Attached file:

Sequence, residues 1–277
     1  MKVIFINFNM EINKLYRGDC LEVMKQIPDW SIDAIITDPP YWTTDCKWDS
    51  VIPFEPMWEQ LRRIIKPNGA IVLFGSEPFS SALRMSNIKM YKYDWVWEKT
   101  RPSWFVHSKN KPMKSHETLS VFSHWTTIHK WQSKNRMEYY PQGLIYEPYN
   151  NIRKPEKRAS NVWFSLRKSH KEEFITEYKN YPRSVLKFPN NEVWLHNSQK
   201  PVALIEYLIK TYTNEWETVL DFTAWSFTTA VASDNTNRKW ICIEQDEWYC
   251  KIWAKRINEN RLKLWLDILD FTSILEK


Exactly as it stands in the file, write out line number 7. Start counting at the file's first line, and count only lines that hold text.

   251  KIWAKRINEN RLKLWLDILD FTSILEK